Huge increase in parents being prosecuted for child truancy in South Yorkshire
Prosecutions of parents in South Yorkshire for truancy have increased by 68% in five years, amid a government crackdown on unauthorised school absences.
Councils covered by South Yorkshire police took 983 parents to court in 2017, figures released under the Freedom of Information Act show. This was a huge increase from 2013, when there were just 586 prosecutions.
Of those charged in 2017, 855, or 87%, were found guilty. Courts issued fines in 789 cases and handed out community sentences, such as an order to do unpaid work, on two occasions. Prosecutions for truancy across England and Wales reached 18,377 during 2017 - 6,600 more than during 2013 - with parents being hit with more than 11,700 fines.
The National Education Union said fines were counterproductive, and that there was no easy fix for truancy Dr Mary Bousted, joint general secretary of the NEU, said: "One thing that is certainly needed, to ensure pupils are in school and engaged in learning, is a dialogue between the school and parents or carer. "Fines invariably have the complete opposite effect, creating unnecessary tensions between schools and families.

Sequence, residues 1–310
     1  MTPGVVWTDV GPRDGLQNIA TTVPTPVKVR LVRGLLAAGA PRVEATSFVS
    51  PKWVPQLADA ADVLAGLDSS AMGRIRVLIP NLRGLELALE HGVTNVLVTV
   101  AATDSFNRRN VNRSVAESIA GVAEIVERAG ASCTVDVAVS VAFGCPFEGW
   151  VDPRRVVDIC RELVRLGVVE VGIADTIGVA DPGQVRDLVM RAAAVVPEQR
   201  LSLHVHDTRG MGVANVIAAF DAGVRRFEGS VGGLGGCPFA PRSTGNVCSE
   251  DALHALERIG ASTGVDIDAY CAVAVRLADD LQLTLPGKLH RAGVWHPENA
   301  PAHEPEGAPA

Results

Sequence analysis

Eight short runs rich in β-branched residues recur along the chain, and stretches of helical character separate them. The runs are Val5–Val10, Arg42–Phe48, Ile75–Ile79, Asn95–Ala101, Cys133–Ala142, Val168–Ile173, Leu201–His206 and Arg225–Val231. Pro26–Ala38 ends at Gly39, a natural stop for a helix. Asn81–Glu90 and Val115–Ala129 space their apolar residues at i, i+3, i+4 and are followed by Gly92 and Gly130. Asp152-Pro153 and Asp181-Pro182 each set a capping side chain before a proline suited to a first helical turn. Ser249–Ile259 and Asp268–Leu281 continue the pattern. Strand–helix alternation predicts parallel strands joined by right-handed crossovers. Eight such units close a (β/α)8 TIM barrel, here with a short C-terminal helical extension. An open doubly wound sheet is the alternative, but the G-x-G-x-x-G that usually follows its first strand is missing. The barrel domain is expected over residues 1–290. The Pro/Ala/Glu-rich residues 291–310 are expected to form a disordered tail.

"Clearly this is counterproductive to getting the problem resolved.”
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Almost three quarters of prosecutions in South Yorkshire were against women. Sam Smethers, chief executive of women's rights charity Fawcett Society, said it was concerning to see mothers penalised more often than fathers, adding that society was "too quick to judge mothers".
Both parents have a legal obligation to ensure children attend school regularly, regardless of whether they are separated. Headteachers and councils can also issue on-the-spot fines to parents for unauthorised absences instead of taking them to court, but may prosecute if the fine is not paid. Around 400,000 such fines were issued in England and Wales between 2014-15 and 2016-2017. A recent academic study found that parents of pupils with special educational needs and disabilities were frequently being prosecuted for truancy, when they would have benefited from more support.
Professor Rona Epstein, one of the researchers, said: "It's horrendous that these parents are prosecuted, and it's costing an absolute fortune from the public purse to do so." She added that mothers were the sole parents prosecuted in many cases, even if the child belonged to a two-parent household. In total, parents have been prosecuted for truancy 4,800 times in South Yorkshire between 2013 and 2017. The c ourts found them guilty in 3,751 cases, imposed 3,202 fines and handed out 12 community sentences. A Department for Education spokesman said: "Evidence shows that every extra day of school missed can affect a pupil's chances of achieving good GCSEs, which has a lasting effect on their life chances. "We are clear that pupils can only take term-time leave in exceptional circumstances, and where this leave has been authorised by the headteacher."